EBRD welcomes Egyptian currency and monetary steps

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Pound’s devaluation a “positive step” in the right direction

The Central Bank of Egypt announced today that it is allowing the Egyptian pound (EGP) to float. The EGP was devalued from EGP 8.8 per USD to EGP 13 per USD and will be allowed to fluctuate within a 10 per cent band in either direction.

The central bank tightened monetary policy alongside this announcement, raising interest rates by 3 percentage points to 14.7 per cent.

Equity markets have reacted positively. Egypt’s main stock index jumped by over 8 per cent at the start of trading today.

The EBRD welcomes the liberalisation of the exchange rate as it is a positive step in the right direction. It will improve the functioning of foreign exchange markets.

Hanan Morsy, the Lead Economist for the EBRD who covers Egypt, said: "This is a very positive development which will improve the functioning of the foreign exchange market and unlock private sector activity". 

The step will help reduce foreign exchange shortages which have been impairing the private sector’s ability to import production inputs, to plan and to repatriate profits.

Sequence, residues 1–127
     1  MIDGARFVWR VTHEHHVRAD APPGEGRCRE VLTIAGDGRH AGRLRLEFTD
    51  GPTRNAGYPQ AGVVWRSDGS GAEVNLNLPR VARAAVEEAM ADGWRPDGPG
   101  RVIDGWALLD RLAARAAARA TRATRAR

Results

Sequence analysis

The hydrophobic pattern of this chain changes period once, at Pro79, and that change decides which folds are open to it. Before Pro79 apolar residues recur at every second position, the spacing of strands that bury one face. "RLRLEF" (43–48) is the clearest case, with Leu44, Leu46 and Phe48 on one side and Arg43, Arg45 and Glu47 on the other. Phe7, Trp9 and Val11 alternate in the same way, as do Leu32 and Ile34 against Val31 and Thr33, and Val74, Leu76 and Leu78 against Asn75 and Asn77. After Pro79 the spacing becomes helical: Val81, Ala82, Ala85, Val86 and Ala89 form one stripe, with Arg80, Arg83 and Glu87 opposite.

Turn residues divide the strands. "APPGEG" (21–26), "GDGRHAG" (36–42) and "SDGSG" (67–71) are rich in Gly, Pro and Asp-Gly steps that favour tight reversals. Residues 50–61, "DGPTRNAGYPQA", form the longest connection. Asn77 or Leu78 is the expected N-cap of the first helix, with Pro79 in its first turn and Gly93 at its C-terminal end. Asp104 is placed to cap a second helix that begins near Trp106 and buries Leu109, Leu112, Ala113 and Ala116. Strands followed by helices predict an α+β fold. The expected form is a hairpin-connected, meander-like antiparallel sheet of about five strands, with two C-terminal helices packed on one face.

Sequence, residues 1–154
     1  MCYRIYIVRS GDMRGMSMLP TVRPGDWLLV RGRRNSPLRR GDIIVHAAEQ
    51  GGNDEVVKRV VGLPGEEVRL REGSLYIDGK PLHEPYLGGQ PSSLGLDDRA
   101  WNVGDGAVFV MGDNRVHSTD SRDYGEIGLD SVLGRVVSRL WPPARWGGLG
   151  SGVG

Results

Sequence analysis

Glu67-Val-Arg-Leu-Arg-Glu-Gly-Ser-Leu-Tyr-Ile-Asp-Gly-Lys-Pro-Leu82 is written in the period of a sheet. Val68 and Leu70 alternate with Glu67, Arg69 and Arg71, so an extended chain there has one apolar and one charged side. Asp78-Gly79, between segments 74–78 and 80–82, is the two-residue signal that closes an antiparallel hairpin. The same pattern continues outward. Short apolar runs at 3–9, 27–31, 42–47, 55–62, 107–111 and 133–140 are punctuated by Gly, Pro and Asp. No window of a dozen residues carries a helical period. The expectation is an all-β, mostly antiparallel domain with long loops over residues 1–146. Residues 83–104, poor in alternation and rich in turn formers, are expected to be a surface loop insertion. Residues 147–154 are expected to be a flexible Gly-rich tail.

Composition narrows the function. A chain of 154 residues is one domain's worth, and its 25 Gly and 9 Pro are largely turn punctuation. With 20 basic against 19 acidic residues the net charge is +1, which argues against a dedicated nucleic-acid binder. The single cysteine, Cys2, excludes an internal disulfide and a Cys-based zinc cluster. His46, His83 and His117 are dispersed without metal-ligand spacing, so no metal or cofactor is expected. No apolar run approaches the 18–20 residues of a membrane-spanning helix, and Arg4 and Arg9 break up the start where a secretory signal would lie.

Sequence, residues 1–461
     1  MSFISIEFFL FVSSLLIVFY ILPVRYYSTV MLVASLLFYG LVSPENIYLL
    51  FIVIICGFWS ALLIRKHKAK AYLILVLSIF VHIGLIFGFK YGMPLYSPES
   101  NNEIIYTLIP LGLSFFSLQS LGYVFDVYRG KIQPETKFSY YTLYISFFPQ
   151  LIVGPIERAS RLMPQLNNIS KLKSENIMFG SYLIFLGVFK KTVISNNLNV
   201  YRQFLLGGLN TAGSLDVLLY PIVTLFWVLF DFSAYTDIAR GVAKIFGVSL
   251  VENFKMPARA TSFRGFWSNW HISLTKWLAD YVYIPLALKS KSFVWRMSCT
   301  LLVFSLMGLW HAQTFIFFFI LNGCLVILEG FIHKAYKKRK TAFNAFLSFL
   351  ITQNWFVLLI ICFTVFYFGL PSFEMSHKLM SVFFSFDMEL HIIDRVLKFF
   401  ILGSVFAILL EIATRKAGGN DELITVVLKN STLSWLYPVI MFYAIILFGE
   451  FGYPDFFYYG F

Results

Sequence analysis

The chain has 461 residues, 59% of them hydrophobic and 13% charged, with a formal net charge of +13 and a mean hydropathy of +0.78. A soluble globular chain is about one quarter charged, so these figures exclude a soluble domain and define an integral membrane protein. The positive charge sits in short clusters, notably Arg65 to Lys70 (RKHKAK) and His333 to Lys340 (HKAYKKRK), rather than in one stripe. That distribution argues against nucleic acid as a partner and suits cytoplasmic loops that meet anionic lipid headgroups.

In addition it will increase the economy’s flexibility in response to external shocks, strengthen Egypt’s official reserve position and boost investor confidence.

The decision on interest rates will help mitigate inflationary implications of the currency move.

The devaluation of the EGP will also improve the competitiveness of Egypt’s exports and unlock private sector activity which has been hampered by the lack of foreign exchange availability.

Improved export performance is expected to help drive some of the improvement in growth that is forecast for FY2016-17, as highlighted in the EBRD’s Regional Economic Prospects report, which is published today.   

The currency float and the progress in closing the external financing gap will support progress towards  the approval of a US$ 12 billion Extended Fund Facility with the International Monetary Fund (IMF), which would be a positive for investor confidence.

The programme will focus on improving the functioning of foreign exchange markets , lowering the deficit and levels of public debt, and raising growth by supporting the government’s structural reform efforts.

The EBRD has invested over €1.8 billion in Egypt through 34 projects since the start of its activities in the country at the end of 2012.

The Bank’s areas of investment there include the financial sector, agribusiness, manufacturing and services, as well as infrastructure projects such as power, municipal water and wastewater services and contributions to the upgrade of transport services‎.

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